Grif Skerry and East Linga
The small islands east of Whalsay were used as fishing stations during the 1800s; Grif (or Grui) Skerry for accommodation and East Linga for processing fish.
Fishermen stayed in the 18 huts on Grif Skerry for convenience with work or when the weather was too bad to return home to Whalsay. The small huts were only 10 feet wide and 15 – 18 feet long. Up to 18 boats would land and stay on Grif Skerry at one time. The boats would typically by away at sea for three days before landing their fish. One man was always left ashore on Grif Skerry to make a feed for the crews on their return.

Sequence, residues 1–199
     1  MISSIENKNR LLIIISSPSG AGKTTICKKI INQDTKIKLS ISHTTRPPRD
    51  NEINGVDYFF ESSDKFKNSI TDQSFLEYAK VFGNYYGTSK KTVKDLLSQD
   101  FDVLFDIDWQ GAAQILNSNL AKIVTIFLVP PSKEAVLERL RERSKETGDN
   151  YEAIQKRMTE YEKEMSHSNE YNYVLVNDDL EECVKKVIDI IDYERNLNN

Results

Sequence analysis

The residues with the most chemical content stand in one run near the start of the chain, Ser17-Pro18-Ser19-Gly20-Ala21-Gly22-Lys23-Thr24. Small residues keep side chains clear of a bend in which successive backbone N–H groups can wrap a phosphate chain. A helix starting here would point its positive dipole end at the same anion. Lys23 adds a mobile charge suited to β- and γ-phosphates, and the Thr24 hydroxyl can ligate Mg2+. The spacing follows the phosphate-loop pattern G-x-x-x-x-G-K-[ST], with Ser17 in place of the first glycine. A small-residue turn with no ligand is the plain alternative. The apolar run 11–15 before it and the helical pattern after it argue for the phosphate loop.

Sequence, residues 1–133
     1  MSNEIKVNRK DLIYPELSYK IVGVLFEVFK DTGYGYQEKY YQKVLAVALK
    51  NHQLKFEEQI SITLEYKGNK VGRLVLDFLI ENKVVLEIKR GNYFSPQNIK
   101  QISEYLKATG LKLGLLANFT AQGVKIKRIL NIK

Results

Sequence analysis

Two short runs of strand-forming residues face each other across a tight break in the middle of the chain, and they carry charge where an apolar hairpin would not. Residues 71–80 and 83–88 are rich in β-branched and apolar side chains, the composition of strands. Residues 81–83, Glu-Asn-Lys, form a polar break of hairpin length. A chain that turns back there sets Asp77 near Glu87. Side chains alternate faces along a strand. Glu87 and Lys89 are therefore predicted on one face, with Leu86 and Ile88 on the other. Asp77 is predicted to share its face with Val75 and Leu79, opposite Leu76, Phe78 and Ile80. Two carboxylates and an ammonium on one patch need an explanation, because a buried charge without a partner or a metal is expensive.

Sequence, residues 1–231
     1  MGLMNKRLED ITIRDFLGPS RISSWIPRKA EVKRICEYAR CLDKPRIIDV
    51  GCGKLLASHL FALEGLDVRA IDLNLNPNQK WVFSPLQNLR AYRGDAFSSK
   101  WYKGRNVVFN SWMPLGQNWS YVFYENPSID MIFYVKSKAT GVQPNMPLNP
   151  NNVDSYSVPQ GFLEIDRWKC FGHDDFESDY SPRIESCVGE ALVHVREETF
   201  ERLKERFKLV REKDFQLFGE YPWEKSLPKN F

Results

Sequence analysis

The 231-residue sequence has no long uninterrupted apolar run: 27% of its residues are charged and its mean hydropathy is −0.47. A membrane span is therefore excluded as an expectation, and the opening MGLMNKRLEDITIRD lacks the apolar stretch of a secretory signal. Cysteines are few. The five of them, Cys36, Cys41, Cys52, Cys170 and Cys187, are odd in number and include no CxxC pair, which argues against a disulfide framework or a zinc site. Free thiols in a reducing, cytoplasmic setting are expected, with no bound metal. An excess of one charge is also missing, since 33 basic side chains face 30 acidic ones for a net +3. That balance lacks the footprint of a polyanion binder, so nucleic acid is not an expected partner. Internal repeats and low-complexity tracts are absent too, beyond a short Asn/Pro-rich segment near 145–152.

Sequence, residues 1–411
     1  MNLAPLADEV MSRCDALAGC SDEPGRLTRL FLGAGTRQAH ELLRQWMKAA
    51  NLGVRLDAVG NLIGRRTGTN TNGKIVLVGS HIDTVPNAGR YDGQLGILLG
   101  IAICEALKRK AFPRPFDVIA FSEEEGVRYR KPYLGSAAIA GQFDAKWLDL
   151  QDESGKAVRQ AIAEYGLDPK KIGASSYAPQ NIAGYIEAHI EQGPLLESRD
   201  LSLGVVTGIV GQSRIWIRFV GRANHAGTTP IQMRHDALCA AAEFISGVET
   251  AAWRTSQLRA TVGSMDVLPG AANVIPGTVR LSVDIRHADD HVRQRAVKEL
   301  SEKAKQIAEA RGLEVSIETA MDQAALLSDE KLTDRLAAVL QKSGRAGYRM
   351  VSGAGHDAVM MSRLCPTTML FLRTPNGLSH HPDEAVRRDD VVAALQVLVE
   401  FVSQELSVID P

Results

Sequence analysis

East Linga was used for fish processing which consisted of weighing, drying and curing. The remains of the huts on East Linga can still be seen today.
The huts were last used in 1882 when decked boats largely replaced the open sixareens.
You can hear John Jamieson Irvine’s account at: http://www.tobarandualchais.co.uk/en/fullrecord/59889/1
John, Jamieson Irvine, “Small isles east of Whalsay as fishing stations”, School of Scottish Studies, recorded by Elizabeth Sinclair, SA1961.027, http://www.tobarandualchais.co.uk/en/fullrecord/59889/1, accessed 08 February 2014.